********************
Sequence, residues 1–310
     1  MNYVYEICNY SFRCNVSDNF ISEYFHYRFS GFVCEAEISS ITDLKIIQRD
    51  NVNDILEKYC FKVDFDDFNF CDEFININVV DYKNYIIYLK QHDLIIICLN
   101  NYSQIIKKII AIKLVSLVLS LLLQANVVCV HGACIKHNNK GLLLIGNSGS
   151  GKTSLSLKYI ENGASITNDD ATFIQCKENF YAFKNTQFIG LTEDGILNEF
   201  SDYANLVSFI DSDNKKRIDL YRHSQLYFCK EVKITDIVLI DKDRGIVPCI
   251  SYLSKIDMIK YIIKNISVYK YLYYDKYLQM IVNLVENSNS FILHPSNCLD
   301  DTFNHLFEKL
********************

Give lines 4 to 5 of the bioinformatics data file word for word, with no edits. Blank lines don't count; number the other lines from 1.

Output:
   101  NYSQIIKKII AIKLVSLVLS LLLQANVVCV HGACIKHNNK GLLLIGNSGS
   151  GKTSLSLKYI ENGASITNDD ATFIQCKENF YAFKNTQFIG LTEDGILNEF